Bottom line: Lundqvist remains an elite goaltender, but time is running out.

  1. Did they do enough in the off-season to improve their team?

If you evaluate the Rangers’ off-season transactions on a player for player basis, the simple answer here is no. In fact, on paper, the Rangers may have gotten worse. In addition to the Talbot trade, the Rangers also lost Carl Hagelin and Martin St. Louis via a trade and retirement, respectively. Hagelin was a key contributor in recent years. His speed and tenacity on the forecheck were unrivaled, and he evolved into a key cog in the Rangers’ strong penalty kill unit. Make no mistake: the Hagelin trade was not a hockey move, but rather a business decision necessitated by the Rangers’ salary cap crunch.  As for St. Louis, there is no doubt he seemed completely lost in last year’s playoffs. Nonetheless, No. 26 was fourth on the team in scoring last year, and one of only three players to eclipse the 20 goal mark. His production will be missed.

Joining the mix is a collection of role players whose jerseys will be sparse among the Garden Faithful. Emerson Etem was obtained in the Hagelin trade, and is said to be a reasonably similar though cheaper alternative to the player for whom he was traded (with way worse hair). Jarret Stoll is best known for cocaine and dating Erin Andrews, but is a low-risk gamble that could pay off in the form of added grit and improved faceoff performance. Viktor Stalberg is a talented forward, but has never lived up to his potential. Suffice it to say the Rangers are not relying on their off-season acquisitions to push them over the top.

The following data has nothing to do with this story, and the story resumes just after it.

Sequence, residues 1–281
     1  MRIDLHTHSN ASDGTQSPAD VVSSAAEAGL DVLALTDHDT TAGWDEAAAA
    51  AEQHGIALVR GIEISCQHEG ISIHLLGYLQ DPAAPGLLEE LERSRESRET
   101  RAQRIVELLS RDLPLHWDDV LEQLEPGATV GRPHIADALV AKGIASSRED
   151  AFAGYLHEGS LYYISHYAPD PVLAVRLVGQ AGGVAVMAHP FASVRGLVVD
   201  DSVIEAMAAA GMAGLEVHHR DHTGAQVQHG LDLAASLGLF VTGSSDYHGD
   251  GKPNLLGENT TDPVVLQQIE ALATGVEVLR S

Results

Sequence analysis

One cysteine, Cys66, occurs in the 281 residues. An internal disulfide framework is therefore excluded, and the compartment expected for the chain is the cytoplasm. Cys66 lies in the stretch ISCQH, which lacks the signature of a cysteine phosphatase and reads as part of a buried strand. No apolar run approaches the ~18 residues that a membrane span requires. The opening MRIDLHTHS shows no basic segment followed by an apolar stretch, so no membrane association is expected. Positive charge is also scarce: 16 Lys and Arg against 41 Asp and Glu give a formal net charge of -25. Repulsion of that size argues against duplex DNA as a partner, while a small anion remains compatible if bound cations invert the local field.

Bottom Line: The Rangers have to hope their existing core will continue to thrive under Vigneault’s system, and that their young players continue to evolve as professionals. Which brings us to our next question…

  1. Can Miller and Kreider make “the jump”?